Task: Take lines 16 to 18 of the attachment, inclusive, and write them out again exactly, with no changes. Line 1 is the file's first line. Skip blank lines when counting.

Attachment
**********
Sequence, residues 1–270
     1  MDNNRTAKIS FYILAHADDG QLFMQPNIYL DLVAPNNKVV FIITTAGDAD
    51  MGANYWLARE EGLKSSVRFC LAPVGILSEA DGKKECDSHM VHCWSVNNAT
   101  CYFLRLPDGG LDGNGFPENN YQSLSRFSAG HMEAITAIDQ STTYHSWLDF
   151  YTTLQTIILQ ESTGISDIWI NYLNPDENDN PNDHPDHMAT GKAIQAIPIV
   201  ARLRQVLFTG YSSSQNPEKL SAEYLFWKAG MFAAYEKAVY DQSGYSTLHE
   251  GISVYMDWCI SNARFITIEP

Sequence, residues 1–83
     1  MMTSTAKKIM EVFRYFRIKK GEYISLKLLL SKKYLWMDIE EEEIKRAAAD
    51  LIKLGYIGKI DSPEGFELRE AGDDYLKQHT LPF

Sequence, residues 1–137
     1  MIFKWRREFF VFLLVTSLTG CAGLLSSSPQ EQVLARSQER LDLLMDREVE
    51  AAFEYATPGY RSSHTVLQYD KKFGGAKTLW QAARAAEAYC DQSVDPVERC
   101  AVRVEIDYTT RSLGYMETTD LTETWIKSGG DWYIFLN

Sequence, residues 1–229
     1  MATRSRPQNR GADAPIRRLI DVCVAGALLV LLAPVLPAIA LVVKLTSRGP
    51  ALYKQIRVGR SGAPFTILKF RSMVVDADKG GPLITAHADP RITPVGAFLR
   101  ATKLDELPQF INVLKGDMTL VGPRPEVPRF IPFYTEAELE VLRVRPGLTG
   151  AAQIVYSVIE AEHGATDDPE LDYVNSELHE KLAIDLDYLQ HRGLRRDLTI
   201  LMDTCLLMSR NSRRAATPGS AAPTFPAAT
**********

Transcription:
     1  MATRSRPQNR GADAPIRRLI DVCVAGALLV LLAPVLPAIA LVVKLTSRGP
    51  ALYKQIRVGR SGAPFTILKF RSMVVDADKG GPLITAHADP RITPVGAFLR
   101  ATKLDELPQF INVLKGDMTL VGPRPEVPRF IPFYTEAELE VLRVRPGLTG